Ask yourself what you write; not what you want to write, or what you think you should write, but what you actually put on the page when you start working. Be brutally honest. What you enjoy reading and what you enjoy writing - or what you're good at writing, if you can separate the two - might be two different things. And when you find the answer to this question, you know what kind of a writer you are.
Being honest is hard. Not only can it suck to realize you don't live up to your own ideals, but being truthful and not cutting yourself down can also be hard if you're doing this exercise in a state of mind that's, ah, less than confident. It can be really easy to say, "I suck so much - I'm only good at (insert least-favorite genre here)" instead of looking objectively and solving the puzzle.
My puzzle was hard for me. I have varying taste in what I read, and I happen to be interested in some very academic topics which, when I consider them, seem impossible to write about. But I want to write the things I love, so I'm left with a dilemma you can measure by the space between the literary genre ("respectable") and the kind of fiction these interests lend themselves to ("not respectable"). And this is a dilemma because it seems the best way to honor these topics, so to speak, is to write something respectable. I'm coming to realize that is... not impossible, but extremely difficult. I went through my writing program grinding my teeth and refusing to bow down to the literary standard. (I question this literary standard, but oh wow, that's a long entry's worth of axe-grinding.) The assumption that genre work was inherently worth less irritated me, from close-range, for two years. Still, I internalized this notion that my work has to "mean something" and "be respectable," and have never asked myself what I want.
I like meaningful stories. I like fancy metaphors. I like commentary if it's on a topic I'm interested in.
I like to read these things. But do I like to write them?
I like reading super-complicated political fantasy epics. Can I write them? ... I am actually not sure, but I think I would enjoy it.
I like a good romance as long as it isn't about a damsel-in-distress, or, god forbid, a highlander. (No offense, just... I do not find that attractive. At all.) Can I write a good romance? Well now... I would have to ask someone else about the "good" part of the equation, but I certainly did end up writing a lot of romance, and I even enjoyed doing it. In fact, I seem to be unable to write or even conceive of a story that doesn't involve some kind of romance.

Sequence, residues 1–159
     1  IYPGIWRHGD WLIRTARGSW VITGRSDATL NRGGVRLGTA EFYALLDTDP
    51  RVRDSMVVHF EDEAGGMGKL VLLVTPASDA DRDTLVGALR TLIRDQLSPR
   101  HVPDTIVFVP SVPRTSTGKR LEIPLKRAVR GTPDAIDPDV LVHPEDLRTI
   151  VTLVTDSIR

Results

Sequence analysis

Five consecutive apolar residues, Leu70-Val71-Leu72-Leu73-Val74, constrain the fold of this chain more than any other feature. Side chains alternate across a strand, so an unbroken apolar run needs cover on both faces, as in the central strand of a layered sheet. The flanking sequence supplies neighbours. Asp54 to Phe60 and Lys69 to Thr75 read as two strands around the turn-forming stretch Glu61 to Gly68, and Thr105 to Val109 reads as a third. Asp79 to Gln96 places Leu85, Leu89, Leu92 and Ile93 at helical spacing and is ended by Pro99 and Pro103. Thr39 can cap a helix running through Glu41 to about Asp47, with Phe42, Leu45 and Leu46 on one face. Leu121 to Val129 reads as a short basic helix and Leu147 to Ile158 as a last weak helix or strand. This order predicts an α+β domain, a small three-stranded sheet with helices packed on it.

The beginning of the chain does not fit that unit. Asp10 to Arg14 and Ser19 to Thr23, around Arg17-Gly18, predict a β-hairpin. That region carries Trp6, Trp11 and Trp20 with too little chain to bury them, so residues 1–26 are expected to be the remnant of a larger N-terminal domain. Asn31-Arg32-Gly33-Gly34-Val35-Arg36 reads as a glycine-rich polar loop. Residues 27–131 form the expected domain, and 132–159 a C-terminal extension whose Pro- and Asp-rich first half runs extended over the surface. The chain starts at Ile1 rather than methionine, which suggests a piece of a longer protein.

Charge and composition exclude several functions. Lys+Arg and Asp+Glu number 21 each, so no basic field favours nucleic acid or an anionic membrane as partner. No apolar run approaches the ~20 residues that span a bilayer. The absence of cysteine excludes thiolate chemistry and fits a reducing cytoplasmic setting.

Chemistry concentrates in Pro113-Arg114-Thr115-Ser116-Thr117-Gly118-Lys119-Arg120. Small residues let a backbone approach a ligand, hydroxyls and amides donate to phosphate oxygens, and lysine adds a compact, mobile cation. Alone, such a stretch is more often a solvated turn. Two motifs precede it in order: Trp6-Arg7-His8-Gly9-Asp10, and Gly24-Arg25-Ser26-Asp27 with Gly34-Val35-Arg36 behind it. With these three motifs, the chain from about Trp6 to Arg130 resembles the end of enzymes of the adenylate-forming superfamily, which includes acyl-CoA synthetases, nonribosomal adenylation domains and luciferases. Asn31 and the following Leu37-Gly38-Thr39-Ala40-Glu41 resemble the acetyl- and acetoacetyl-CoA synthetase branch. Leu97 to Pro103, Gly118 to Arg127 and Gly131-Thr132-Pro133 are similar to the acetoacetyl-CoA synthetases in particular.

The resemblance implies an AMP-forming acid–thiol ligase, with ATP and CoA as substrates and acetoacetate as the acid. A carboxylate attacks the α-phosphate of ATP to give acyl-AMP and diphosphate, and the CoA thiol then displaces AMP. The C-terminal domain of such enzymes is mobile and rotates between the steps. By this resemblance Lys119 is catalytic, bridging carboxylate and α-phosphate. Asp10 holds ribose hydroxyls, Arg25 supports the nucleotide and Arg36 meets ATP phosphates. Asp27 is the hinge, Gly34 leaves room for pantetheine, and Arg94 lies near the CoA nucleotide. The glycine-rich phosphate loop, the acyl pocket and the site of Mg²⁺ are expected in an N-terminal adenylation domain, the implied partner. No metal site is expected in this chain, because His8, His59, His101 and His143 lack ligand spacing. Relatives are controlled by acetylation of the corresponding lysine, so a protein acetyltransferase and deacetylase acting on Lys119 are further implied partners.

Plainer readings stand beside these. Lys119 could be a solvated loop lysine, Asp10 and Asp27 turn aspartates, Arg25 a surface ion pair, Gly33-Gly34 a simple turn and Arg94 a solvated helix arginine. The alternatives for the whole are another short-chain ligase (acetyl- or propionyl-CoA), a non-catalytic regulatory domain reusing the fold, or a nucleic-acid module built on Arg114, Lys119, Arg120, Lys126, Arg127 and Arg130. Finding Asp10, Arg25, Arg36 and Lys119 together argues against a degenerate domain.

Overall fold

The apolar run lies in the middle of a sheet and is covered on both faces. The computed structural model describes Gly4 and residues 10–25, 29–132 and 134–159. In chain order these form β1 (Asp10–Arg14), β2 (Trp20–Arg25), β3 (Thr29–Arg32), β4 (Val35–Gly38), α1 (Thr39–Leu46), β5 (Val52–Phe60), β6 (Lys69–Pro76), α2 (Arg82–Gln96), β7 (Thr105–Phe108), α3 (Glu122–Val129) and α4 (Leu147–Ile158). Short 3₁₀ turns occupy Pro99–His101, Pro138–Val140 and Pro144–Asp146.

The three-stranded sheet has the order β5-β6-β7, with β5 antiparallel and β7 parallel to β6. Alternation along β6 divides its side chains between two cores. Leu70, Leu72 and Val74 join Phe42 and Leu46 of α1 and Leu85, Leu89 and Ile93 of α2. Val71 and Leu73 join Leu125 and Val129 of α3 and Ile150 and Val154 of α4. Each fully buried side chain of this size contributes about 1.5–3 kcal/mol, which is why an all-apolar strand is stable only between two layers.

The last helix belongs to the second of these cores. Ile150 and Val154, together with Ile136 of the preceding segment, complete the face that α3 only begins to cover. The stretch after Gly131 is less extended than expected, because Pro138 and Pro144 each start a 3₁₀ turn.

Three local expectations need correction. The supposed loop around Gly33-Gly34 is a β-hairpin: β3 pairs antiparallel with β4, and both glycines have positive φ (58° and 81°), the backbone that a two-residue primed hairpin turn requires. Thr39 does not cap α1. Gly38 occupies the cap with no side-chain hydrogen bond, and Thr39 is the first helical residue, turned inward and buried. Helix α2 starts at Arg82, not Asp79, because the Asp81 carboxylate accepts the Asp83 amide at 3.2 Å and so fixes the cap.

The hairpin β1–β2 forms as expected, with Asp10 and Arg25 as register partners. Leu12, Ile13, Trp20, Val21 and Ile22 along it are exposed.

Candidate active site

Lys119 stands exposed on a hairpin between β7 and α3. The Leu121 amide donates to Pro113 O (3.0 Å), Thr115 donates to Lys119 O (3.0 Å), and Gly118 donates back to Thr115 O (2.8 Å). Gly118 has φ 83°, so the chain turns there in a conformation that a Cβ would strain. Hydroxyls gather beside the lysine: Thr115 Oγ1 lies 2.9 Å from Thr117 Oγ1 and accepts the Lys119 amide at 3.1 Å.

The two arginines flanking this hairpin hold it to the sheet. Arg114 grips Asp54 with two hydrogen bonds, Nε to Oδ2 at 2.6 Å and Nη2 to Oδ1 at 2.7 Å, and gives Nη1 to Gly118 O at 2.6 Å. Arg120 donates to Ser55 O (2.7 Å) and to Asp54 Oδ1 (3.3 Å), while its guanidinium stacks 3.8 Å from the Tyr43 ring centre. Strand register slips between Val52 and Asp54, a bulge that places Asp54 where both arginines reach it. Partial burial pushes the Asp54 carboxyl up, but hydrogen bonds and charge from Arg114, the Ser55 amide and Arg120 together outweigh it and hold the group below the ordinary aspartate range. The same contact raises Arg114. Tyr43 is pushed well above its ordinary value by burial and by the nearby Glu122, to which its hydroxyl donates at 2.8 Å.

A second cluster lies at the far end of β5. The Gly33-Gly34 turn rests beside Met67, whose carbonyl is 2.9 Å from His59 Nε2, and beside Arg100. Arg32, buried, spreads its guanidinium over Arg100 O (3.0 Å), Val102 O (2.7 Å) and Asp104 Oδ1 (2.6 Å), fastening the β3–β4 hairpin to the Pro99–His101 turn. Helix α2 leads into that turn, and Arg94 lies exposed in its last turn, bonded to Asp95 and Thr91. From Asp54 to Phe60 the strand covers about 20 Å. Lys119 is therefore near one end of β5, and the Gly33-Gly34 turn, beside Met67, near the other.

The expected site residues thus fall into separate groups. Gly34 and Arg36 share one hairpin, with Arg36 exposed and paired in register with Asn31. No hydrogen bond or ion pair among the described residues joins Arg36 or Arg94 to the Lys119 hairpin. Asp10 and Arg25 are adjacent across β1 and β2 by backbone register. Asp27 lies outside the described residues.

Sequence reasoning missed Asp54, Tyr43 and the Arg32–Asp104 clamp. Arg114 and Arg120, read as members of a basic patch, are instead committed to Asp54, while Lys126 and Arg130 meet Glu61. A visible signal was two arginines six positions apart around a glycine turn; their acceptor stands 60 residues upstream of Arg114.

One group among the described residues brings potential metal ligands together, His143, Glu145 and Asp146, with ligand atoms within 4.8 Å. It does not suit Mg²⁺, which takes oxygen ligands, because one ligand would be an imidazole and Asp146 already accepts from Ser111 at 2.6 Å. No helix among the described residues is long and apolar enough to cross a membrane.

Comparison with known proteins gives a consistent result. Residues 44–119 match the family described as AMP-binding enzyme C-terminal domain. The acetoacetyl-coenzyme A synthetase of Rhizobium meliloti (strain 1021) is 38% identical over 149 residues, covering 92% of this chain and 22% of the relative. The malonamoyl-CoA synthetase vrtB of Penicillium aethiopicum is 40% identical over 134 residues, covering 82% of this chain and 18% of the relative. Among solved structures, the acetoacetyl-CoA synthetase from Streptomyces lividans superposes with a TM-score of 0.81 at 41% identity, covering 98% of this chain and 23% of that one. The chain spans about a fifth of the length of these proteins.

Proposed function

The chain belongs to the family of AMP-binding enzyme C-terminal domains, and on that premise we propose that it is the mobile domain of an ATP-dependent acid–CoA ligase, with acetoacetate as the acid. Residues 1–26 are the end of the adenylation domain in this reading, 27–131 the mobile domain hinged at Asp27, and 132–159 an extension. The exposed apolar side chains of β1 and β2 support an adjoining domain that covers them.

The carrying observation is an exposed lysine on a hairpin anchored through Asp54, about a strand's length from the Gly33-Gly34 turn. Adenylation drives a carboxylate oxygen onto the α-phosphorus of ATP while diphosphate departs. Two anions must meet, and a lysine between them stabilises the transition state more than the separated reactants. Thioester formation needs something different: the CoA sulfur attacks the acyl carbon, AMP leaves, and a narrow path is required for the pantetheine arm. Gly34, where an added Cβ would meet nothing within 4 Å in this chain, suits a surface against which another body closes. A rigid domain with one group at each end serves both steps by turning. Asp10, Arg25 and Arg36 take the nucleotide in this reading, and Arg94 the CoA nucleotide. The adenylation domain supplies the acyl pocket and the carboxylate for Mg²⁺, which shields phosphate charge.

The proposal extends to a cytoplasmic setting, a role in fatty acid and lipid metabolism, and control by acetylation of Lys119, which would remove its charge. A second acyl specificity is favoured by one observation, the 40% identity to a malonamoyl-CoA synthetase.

I like reading historical fiction because it examines the character of the people who moved the world in their time and place. Not sure if I can write that, because I haven't tried. This genre takes a lot of research, obviously. But it sounds like something I would like to do because it gives me the excuse to study something interesting and, if I love it, write about it!
I like mythology. I like rewriting myths, or basing stories on them, or writing sequels to them. The ultimate form of fan fiction, maybe.
Most of my stories, but not all, fall into the last three categories-- sort of. For example, the story about two angels who go down to earth to hunt down fragments of the Book of Raziel (as it appears in myths, that is) before their human opponents can find them and cause some damage; I started that story three times, and eventually ditched it each time because it's... what? Sort of an adventure, sort of paranormal, based on mythology nobody has ever heard of. It's silly fantasy fiction. And in my head, each time I try to write it, is this insistent desire to write something meaningful, to make it a good representation of the legend and the beliefs that inspired it. I'm not sure I can do that if I follow the opposite urge, which would be to explore the potential I see in these two angels that makes them seem more human. And, well, angels experimenting with human vice has precedent in legends too! And also in stories like Angel Sanctuary, which I kind of hate. Probably a series like Supernatural too, if I had to guess.